She alleges that in December 2008, Reinsdorf lobbied Blagojevich not to renew her contract and that Blagojevich's former chief of staff, John Harris, called board members — five days before Blagojevich's arrest. A board meeting ended without a decision regarding her contract.
Two days later she was told by "a private citizen" enlisted by Harris that there were still plans to remove her at the request of Reinsdorf, who was upset over paying rent, according to the suit. "This private citizen informed Perri Irmer of these statements by Reinsdorf and also that if she left ISFA quietly, she would be offered a job in the private sector," the lawsuit states.
Blagojevich was arrested, however, "before any threat to her employment ... was carried out," the lawsuit notes.
Irmer alleges that she protested the board's decision to build Bacardi at the Park, an upscale restaurant across from the Cell, on state-owned land while allowing the Sox to keep all the profits. The authority invested nearly $7 million, the Tribune and WGN-TV found in a 2011 investigation.
In February 2011, a month after the board extended Irmer's contract on a month-to-month basis, Irmer reduced a funding request of about $10 million for "enhancements" to the Cell from the Sox by about $7 million, according to the lawsuit.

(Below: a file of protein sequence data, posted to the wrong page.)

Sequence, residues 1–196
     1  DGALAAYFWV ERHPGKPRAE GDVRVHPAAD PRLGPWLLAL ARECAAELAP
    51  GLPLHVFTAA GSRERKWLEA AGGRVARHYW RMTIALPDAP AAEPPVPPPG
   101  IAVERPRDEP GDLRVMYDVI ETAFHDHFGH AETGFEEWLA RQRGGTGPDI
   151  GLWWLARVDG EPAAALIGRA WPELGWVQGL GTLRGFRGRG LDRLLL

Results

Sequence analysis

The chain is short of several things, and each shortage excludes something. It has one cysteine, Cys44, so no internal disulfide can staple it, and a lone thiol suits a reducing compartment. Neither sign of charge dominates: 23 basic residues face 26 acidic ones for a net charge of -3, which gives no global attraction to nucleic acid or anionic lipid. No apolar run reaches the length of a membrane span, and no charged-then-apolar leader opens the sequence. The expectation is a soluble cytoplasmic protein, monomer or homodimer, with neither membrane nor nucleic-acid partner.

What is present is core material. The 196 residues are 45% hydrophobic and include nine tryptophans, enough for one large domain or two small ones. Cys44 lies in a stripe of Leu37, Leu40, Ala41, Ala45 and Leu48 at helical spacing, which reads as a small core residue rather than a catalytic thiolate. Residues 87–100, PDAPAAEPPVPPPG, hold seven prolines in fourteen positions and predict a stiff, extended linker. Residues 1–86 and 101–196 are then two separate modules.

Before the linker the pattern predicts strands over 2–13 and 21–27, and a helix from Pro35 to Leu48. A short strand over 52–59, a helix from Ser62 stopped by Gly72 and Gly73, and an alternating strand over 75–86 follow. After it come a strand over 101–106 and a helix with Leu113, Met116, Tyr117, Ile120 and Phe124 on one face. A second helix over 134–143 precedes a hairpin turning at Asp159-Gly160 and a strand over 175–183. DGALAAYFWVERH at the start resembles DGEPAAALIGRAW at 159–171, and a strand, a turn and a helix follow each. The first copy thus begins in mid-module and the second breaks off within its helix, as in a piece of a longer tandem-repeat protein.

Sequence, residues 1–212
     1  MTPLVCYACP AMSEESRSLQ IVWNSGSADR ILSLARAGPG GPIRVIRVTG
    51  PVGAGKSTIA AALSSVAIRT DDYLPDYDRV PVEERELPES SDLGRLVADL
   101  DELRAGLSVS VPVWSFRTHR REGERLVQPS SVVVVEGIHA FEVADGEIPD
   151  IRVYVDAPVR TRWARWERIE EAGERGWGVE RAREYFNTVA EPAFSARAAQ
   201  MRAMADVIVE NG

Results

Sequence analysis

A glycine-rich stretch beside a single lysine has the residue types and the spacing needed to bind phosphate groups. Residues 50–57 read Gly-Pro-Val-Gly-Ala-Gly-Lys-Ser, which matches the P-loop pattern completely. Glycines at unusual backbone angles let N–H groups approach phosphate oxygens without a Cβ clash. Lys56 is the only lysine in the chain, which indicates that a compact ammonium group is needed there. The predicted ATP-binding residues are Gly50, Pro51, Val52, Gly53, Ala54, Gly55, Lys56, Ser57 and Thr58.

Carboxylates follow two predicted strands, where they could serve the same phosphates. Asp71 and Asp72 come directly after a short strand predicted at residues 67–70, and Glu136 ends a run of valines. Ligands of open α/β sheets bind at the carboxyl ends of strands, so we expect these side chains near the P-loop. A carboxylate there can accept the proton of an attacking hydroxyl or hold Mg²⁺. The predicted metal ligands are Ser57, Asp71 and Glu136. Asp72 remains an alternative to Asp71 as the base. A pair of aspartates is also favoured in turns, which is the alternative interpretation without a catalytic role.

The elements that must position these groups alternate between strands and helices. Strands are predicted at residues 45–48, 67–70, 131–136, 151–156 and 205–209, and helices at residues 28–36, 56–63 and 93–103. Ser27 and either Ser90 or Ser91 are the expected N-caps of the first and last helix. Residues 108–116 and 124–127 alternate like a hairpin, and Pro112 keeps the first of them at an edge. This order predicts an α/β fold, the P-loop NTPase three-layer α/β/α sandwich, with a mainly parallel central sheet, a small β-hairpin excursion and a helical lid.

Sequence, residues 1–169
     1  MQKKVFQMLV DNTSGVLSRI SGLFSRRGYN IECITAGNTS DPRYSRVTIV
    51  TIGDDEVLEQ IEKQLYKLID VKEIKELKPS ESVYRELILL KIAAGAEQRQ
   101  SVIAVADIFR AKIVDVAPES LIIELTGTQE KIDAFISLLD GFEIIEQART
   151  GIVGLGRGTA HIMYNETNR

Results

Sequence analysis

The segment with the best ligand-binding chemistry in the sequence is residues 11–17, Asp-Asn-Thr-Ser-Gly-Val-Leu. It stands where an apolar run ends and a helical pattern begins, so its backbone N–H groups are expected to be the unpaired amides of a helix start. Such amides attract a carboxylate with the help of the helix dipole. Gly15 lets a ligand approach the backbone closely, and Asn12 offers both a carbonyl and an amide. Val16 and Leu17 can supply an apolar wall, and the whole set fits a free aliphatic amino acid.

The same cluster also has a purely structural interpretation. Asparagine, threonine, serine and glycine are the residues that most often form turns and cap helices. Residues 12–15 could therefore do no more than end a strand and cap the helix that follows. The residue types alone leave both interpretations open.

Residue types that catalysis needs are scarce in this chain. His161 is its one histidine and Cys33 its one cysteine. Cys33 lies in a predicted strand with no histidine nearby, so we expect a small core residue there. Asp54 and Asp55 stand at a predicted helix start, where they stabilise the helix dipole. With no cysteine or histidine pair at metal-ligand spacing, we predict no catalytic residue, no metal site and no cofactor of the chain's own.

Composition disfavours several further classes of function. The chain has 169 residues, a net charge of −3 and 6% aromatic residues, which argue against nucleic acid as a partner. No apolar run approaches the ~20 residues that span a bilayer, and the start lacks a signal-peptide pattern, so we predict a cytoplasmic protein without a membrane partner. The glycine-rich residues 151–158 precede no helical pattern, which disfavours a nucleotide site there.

Around the same time, she also unsuccessfully tried meeting with Gov. Pat Quinn, but she did meet with Mayor Rahm Emanuel's staff and other political players who could "impose reform," the suit says.
But Reinsdorf and Thompson "were determined to stop her," the suit claims. She alleges that on April 25, 2011, she was locked out of her office, and Thompson told her that if she refused to resign two days later at a special board meeting, "they 'had to' fire her, that her reputation would be ruined," the lawsuit says.
After she was fired, $7 million requested by the Sox was restored, according to the lawsuit.